Mahamid noted, "Even with that in mind, the support for Hamas has been declining," highlighting the organization's focus on planning attacks rather than protecting or providing for the Gazan population.
He mentioned, "The average Gazans understand that Hamas spent years planning [the] October 7 massacre, and they have not planned for a single minute how to protect the people of Gaza." This has led to increasing public criticism of Hamas, both verbally and sometimes physically, within the Gaza Strip.
Mahamid reported that Hamas officials were firing at Gazans from a mosque where international aid, intended for the people, was being stored and not distributed. He described a dire situation where "the starving Palestinians in Gaza" were met with gunfire while trying to access the aid. Mahamid condemned these actions, saying, "These are starving people and Hamas plans to use them until the day they die. Until the last Palestinian is dead," highlighting the extreme measures Hamas is willing to take against its own people.
Colonel Kemp discussed the potential for a drawdown or rotational relief of IDF forces in Gaza, noting a possible change in the operational tempo. Despite this, he observed that the IDF continues to execute significant attacks against Hamas.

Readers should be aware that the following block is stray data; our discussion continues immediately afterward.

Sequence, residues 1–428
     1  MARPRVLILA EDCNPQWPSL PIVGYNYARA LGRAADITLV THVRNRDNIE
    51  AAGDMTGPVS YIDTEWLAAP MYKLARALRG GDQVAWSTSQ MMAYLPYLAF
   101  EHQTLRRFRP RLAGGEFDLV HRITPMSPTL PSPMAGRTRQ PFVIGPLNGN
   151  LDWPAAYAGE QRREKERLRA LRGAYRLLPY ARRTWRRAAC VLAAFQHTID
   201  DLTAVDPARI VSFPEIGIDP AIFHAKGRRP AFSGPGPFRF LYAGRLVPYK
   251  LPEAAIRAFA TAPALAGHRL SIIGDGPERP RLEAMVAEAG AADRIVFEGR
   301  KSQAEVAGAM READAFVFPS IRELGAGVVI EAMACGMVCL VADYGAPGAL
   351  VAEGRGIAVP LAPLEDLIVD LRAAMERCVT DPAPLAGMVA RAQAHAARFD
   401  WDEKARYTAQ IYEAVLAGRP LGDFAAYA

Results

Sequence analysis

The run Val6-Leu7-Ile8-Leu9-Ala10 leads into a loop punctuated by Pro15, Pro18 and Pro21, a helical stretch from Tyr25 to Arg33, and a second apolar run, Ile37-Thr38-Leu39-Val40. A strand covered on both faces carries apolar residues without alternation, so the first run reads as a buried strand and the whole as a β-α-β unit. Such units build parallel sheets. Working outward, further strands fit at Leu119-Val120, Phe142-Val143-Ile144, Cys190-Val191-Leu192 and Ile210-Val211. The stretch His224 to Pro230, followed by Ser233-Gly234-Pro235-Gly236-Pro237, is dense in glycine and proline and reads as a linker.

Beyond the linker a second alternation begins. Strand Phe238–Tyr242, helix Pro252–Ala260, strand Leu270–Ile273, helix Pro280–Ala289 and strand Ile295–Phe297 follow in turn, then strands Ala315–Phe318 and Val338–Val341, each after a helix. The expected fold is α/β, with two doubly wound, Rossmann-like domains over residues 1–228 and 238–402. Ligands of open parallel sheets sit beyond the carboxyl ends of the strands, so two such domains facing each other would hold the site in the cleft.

Kemp pondered the overall trajectory of the conflict, asking, "But how do you see the war working out? How do you see this thing playing out briefly?"
Mahamid expressed unwavering confidence in the IDF's ability to successfully complete its mission and eliminate Hamas in Gaza, ensuring that Gazan people will no longer be exploited as human shields or propaganda tools. He emphasized the importance of restoring human dignity and securing a prosperous future for Gaza, predicting a complex progression of the war but maintaining that the mission remains unchanged.
Mahamid believes that the elimination of Hamas will not only benefit Israel but also lead to a better Middle East, saying, "I think that we will achieve the mission and by that is eliminating Hamas. Finally. And I think that the world also will see a better Middle East when this terrorist organization is eliminated."
First published: 00:17, 02.09.24